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A copper-corrosion process of unknown origin was observed in the cold and warm water supplies shortly after commissioning a county hospital in Germany. The cause of the damage could be attributed to microbial-influenced corrosion (MIC). An evaluation of the damage showed that corrosion is most likely to occur in intensively branched, horizontal pipework during prolonged periods of stagnation. The influences of operating conditions and design installation on the corrosion process could not be separated.
The operating conditions and design installation can be separated in test rigs using the occurrence manifestation characteristics for this corrosion process as a measure for the likelihood of corrosion. After an induction period of 200 days the corrosion is most often found under intermittent and stagnant conditions in the test rigs. Furthermore, a seasonal influence can be observed. It was shown in experiments performed in the laboratory that it should be possible to considerably minimize this induction period found in the test rigs.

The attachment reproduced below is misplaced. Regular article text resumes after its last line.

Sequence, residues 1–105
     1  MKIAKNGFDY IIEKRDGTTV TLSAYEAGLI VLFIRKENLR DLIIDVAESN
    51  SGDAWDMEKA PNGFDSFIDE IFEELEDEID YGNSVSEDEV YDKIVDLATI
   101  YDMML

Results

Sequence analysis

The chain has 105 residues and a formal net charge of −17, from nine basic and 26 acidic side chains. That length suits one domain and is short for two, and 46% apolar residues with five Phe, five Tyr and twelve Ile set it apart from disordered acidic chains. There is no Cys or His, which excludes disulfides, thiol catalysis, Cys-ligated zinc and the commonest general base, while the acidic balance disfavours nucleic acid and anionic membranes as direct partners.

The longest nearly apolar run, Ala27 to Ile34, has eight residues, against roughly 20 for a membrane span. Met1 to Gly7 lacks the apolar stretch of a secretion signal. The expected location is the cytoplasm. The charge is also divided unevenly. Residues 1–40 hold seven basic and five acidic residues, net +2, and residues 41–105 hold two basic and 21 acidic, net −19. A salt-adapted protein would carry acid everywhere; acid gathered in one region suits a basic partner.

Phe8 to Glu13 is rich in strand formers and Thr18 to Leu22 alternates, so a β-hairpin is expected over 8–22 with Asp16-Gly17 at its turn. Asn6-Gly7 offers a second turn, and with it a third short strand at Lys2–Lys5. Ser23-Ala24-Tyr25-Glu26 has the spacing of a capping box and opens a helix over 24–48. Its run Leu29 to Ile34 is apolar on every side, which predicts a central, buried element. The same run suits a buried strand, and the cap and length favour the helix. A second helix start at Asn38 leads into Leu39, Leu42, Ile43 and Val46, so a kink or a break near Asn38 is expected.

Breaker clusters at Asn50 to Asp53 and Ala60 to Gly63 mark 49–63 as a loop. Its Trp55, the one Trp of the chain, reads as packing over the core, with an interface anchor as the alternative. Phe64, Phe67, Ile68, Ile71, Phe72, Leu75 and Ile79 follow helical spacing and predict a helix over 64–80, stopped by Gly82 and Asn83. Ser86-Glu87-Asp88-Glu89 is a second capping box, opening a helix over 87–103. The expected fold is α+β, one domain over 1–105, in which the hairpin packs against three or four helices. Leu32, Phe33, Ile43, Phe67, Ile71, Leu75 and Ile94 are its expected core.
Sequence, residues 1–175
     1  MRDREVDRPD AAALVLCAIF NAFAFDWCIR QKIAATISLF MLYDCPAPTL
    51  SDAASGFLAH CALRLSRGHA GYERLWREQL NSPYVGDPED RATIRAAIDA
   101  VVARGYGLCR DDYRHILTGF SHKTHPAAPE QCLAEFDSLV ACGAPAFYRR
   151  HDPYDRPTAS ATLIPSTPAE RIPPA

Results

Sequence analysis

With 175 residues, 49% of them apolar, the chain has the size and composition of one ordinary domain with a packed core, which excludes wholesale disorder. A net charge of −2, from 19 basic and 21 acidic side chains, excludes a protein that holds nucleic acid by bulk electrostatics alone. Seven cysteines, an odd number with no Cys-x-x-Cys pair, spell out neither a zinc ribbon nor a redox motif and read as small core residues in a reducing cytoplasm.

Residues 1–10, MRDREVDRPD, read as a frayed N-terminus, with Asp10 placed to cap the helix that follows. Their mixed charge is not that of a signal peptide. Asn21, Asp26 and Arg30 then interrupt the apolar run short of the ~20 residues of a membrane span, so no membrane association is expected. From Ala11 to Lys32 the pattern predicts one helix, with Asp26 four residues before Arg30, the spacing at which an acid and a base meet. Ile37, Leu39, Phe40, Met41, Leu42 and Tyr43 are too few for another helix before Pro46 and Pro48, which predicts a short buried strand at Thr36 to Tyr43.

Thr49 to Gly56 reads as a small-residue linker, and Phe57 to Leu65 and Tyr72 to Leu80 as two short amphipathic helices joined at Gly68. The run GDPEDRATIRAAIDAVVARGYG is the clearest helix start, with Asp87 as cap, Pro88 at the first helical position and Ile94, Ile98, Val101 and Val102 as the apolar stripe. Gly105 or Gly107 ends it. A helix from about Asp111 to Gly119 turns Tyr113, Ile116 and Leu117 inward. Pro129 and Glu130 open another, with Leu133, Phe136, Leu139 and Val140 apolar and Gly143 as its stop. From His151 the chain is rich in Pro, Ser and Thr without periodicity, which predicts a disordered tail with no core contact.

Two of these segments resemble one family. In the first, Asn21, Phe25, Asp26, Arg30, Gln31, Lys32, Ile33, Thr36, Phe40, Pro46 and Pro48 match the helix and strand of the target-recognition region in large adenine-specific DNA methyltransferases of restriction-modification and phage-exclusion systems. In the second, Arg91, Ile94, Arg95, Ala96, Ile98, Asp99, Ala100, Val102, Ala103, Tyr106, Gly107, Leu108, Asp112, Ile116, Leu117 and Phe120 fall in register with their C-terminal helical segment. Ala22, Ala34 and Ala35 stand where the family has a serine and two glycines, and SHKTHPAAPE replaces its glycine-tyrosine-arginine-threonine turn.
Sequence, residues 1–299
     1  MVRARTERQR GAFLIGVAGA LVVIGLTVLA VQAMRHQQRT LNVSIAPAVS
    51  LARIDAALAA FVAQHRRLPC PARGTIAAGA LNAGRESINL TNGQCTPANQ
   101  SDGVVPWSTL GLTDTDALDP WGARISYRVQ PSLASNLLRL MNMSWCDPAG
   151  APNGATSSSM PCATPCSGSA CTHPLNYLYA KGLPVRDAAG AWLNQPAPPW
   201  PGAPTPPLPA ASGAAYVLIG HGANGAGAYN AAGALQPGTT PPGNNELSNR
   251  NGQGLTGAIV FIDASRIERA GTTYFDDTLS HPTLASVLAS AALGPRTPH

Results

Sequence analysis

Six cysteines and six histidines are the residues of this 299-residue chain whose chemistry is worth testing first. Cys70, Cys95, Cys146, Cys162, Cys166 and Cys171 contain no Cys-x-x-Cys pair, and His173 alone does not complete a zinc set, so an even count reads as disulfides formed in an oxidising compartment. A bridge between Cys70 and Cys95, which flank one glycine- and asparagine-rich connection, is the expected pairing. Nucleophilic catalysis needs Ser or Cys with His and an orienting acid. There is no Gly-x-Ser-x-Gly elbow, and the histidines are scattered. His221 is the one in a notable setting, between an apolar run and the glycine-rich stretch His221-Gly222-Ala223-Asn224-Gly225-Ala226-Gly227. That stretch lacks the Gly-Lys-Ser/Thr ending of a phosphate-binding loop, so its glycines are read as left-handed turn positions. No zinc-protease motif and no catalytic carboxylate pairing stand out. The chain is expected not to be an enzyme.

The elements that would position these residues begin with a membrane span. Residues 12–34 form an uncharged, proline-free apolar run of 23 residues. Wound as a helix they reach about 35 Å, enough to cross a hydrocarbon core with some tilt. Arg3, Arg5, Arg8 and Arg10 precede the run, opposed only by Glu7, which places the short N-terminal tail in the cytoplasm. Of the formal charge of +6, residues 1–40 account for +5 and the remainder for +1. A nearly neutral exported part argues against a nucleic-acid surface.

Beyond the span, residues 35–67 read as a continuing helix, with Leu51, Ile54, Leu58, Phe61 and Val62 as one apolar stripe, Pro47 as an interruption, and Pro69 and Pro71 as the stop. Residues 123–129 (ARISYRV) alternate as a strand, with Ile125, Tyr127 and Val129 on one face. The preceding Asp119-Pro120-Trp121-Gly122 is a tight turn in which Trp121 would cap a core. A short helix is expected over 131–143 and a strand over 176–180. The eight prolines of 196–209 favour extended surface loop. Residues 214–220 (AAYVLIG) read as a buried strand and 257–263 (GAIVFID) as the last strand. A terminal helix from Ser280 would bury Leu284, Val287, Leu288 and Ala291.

microbiologically influenced corrosion (MIC), copper, potable water
Junior scientist, Märkische Fachhochschule, Laboratory of Corrosion Protection, Iserlohn,
Senior scientist, Märkische Fachhochschule, Laboratory of Corrosion Protection, Iserlohn,
Senior scientist, Märkische Fachhochschule, Laboratory of Biotechnology, Iserlohn,